Take the 2-minute tour ×
Mathematics Stack Exchange is a question and answer site for people studying math at any level and professionals in related fields. It's 100% free, no registration required.

The standard form LP problem is

$$\min -3x_1-7x_2-10x_3 \text{ s.t. }$$ $$x_3\leq 2$$ $$40x_3+40x_2+20x_1\leq 180$$ $$x_1,x_2,x_3\geq 0$$

My last lecture covered the Bellman equation with stationary discounted case getting $J^*(x)=\min_u\left\{g(x,u)+\alpha J^*(f(x,u))\right\}$ and the general form of the DP algorithm: $J_N(x_N)=g_N(x_N)$ and $J_k(x_k)=\min_{u_k}\left\{g_k(x_k,u_k)+J_{k+1}(f_k(x_k,u_k))\right\}$ where $k=0,1,...,N-1$.

I am trying to solve this LP as Dynamic Programming problem but I cannot see where to start. Is the $g(x)=-3x_1-7x_2-10x_3$? What is the $J_k(x_k)$ here? Does this hold $J_k(x_k)=J(x)$?

Solution to the problem solved as LP

By simplex, the optimum is $x_B=(x_2,x_3)=(2.5,2)$ with the $c_B'B^{-1}b=-37.5$.

share|improve this question

1 Answer 1

up vote 1 down vote accepted

The basic idea is to use Backward Induction. The marginal benefits are $b=(b_1,b_2,b_3)=(0.15,0.175,0.25)$. So we will first look at $x_3$ with the largest marginal gain, then $x_2$ and lastly $x_1$. The optimality is based on the optimality principle of Dynamic programming in the following examples: suppose a-b-c is optimal from the state A to the state C, then b-c must be optimal from the state B to the state C.

Suppose 1-2-3 is optimal, then 1-2 and 2-3 must be optimal. 2-3 means the choice of $x_3$ when $x_3\leq 2$ so $40*2\leq 180$ so this is optimal choice. Now with 100 resources, 1-2 is optimal because $2*40\leq 100$ and $3*40\not \leq 100$. Now because all resources are used at end when $x_1=1$, we have found the optimal solution, the example with the integers -- similarly with the real numbers.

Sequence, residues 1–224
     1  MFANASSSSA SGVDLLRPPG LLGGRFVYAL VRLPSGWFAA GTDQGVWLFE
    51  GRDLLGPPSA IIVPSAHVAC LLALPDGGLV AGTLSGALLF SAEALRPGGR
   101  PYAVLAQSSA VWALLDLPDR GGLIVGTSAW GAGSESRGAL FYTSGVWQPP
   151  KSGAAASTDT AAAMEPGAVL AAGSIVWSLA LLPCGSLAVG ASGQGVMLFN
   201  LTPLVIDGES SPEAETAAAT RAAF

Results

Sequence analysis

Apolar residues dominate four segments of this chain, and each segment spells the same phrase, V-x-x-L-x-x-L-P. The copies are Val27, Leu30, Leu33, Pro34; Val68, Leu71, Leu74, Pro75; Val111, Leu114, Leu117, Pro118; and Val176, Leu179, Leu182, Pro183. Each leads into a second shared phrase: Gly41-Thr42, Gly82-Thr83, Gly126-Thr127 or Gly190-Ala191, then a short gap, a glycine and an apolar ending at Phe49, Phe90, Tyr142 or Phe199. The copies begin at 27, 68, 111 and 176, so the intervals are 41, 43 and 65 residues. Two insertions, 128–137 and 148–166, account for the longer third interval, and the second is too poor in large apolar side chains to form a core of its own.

Integer problem

We use everything of $x_3$ so $x_3=2$ because of the constraint $x_3\leq 2$. Then we will look at $x_2$ and use that 2 units because otherwise $40*2+40*2=200\leq 180$, breaking a consraint. So the last unit is $x_1=1$ hence $x=(1,2,2)$ when $x\in\mathbb Z^3$.

Real problem

Similarly as above but the step 2 is different where we can use 2.5 units instead of just 2 units. If $x\in\mathbb R^3$ then $x=(0,2.5,2)$, the same result as you got with the Simplex.

share|improve this answer

Your Answer

 
discard

By posting your answer, you agree to the privacy policy and terms of service.

Not the answer you're looking for? Browse other questions tagged or ask your own question.